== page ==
Thursday, April 17, 2008

Ram Tough Choices - 2009 Dodge Ram sketches by Pickuptruck.Com

Ram Tough Choices: Other Designs Chrysler Considered for the 2009 Dodge Ram 1500
By: Mike Levine Posted: 04-17-08 03:30 PT
© 2008

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Redesigning any truck is challenging, but probably none more so than the Dodge Ram. Its dropped headlights and raised hood are iconic. When those traits first appeared in 1994 they opened the modern era of pickup truck style and created what’s arguably the most recognizable rig of any brand. Veteran Chrysler execs still talk about the positive impact the 1994 Dodge Ram had on the company and industry.

So you can imagine how much pressure and enthusiasm top auto designer Ralph Gilles and his team must have felt when they were tapped in 2005 to design the all new 2009 Dodge Ram. They had the responsibility to reinvent a legend, but how were they going to maintain what made it legendary in the first place?

"The Ram was a daunting project," says Mr. Gilles. "We wanted to remain true to what originally made the Ram popular but still bring it forward (in design)."

For inspiration, Mr. Gilles and company looked at the current Ram and Dodge’s concept trucks from the past decade.

The Dodge Power Wagon Concept debuted at the 1999 North American International Auto Show. Its edgy design combined the crosshair grille from the 1994 Ram with exterior cues and proportions taken from the historic 1946 Dodge Power Wagon heavy hauler. The Power Wagon Concept instantly became another styling win for Chrysler but its shape was never realized in a production truck. The name was eventually attached to an off-road version of the Dodge Ram 2500 in 2005, that’s still made today.

In 2000 Dodge unveiled its MAXXcab Concept. The four door snub-nosed pickup with cab forward styling was at the opposite end of the design spectrum from the retro Power Wagon. The MAXXcab prioritized moving people over cargo. For a time it was rumored that the MAXXcab would appear in production as a next-generation Dodge Dakota mid-size truck, which never happened.

Big truck concepts got attention but small rigs didn't have to be boring either. The Dodge M80 made a big splash in 2002. Its retro style was also influenced by the 1946 Power Wagon. But instead of being sleek like the 1999 Concept, the M80 was squared off and looked like a bulldog. It didn't reach production but major portions of its design were reused in the 2007 Dodge Nitro SUV.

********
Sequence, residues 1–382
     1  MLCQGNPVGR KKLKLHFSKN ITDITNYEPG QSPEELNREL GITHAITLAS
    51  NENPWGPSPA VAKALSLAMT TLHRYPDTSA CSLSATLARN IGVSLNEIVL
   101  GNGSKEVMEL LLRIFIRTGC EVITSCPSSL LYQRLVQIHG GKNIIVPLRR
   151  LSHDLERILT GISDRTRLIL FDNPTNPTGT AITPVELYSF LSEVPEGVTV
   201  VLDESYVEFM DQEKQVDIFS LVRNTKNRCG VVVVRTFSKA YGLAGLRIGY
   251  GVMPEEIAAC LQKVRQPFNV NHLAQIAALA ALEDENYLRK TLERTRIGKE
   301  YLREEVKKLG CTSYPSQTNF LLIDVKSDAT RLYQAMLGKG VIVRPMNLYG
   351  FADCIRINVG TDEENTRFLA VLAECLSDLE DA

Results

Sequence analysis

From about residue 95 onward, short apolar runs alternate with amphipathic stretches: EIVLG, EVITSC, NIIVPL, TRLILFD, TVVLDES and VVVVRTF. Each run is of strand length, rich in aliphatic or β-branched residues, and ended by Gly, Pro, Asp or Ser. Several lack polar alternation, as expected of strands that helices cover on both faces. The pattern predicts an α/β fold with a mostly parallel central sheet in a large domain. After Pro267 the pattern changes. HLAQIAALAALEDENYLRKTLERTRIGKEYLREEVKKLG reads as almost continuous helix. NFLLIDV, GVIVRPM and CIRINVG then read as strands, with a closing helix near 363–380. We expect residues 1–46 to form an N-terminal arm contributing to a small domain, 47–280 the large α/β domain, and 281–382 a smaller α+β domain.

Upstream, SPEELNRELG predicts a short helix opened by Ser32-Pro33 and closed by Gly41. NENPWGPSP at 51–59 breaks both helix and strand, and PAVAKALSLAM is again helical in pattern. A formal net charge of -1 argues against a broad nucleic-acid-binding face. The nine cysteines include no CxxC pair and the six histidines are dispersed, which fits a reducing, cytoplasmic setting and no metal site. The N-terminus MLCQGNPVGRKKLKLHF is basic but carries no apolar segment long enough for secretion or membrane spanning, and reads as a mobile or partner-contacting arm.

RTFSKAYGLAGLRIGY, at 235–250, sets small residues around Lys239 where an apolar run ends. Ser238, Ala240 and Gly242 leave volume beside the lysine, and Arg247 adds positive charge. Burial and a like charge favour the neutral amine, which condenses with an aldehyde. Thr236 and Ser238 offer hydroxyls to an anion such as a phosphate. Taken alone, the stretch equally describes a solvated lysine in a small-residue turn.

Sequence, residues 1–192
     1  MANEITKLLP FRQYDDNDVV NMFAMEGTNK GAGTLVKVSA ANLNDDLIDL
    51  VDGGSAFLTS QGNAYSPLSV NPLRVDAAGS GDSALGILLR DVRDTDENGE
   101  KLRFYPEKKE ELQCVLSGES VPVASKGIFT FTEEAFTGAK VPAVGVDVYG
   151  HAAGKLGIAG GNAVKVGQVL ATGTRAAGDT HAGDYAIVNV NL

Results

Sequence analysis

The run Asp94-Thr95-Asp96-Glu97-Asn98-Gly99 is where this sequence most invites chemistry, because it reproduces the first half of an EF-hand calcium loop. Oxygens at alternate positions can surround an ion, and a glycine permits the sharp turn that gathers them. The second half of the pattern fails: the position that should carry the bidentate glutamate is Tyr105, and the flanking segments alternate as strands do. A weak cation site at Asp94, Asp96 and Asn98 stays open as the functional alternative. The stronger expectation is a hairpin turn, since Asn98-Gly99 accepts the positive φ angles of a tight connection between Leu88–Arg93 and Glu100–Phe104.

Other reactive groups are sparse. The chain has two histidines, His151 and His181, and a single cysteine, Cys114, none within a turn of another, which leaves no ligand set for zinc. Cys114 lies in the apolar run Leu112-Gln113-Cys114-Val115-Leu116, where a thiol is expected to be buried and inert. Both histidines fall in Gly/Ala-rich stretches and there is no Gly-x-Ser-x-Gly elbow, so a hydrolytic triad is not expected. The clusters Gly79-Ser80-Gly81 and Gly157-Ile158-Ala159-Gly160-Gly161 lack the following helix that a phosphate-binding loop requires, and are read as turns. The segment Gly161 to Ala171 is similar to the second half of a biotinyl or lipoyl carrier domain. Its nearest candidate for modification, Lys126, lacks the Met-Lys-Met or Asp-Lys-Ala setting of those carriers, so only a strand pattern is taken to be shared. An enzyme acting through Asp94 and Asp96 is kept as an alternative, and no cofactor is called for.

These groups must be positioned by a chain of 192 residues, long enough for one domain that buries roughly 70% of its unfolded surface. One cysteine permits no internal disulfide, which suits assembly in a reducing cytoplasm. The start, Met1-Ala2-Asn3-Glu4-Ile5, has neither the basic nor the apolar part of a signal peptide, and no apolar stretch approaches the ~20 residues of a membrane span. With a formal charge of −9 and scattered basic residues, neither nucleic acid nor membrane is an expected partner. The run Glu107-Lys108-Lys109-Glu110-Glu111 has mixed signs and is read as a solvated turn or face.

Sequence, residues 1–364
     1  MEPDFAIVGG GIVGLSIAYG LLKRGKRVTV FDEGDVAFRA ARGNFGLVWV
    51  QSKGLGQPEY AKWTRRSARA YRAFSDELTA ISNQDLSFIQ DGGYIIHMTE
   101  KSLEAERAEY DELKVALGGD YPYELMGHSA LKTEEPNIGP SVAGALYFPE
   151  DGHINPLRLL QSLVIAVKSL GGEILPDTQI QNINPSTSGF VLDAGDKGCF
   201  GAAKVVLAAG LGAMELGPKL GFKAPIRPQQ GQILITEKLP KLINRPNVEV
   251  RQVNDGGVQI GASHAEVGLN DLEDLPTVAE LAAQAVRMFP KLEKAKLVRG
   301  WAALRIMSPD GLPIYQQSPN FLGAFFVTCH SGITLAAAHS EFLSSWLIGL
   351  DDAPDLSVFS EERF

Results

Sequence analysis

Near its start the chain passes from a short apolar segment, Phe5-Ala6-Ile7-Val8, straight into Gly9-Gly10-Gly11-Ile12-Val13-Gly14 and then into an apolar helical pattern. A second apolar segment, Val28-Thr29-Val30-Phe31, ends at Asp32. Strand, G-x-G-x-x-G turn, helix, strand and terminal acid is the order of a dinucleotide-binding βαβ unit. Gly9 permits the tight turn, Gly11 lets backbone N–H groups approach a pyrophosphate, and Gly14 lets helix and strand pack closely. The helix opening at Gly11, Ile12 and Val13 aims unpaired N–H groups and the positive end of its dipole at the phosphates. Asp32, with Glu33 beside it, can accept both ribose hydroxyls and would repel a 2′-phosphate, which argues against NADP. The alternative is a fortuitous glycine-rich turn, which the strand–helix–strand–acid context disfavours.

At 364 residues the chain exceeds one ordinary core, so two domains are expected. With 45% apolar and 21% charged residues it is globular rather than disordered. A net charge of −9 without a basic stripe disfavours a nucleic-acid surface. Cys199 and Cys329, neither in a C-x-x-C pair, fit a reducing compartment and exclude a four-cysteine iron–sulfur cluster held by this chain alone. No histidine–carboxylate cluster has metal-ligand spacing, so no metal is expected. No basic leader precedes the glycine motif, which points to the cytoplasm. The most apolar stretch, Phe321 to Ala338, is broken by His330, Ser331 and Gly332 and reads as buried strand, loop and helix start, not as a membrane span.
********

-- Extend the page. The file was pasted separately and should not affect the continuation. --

In 2006, while work on the 2009 Dodge Ram was well underway, the Dodge Rampage Concept appeared at the Chicago Auto Show. It offered a sneak peak at one of the major themes the designers were considering. The Rampage evolved the MAXXcab Concept into a bigger, more functional yet decidedly unconventional half-ton pickup. The Rampage didn't surrender as much utility as the MAXXcab had to give its passengers extra space and comfort. And the Rampage broke full size truck tradition by using unibody construction instead of body-on-frame, front wheel drive instead of rear wheel drive and an independent rear suspension instead of leaf springs.

From Chrysler's deep heritage in production and concept trucks, many designs for the 2009 Dodge Ram began to be considered. Each design was digitally sketched and translated into scale clay models (like in the picture above) before the choices were narrowed down to the finalists.

"With designers, the temptation is to change the game. We looked at several versions – actually up to twelve different models. Then it became eleven. Then we were down to three that were wildly different (from each other)," describes Mr. Gilles.

As the team brainstormed and competed with one another, each of the ideas for the Ram’s exterior was identified not by its style but by the designers’ last names. "For example, we had the Pizzuti, the Williams theme, the Krugger - named after Scott Krugger, who we picked to do the exterior of (the final) truck, and others," says Mr. Gilles.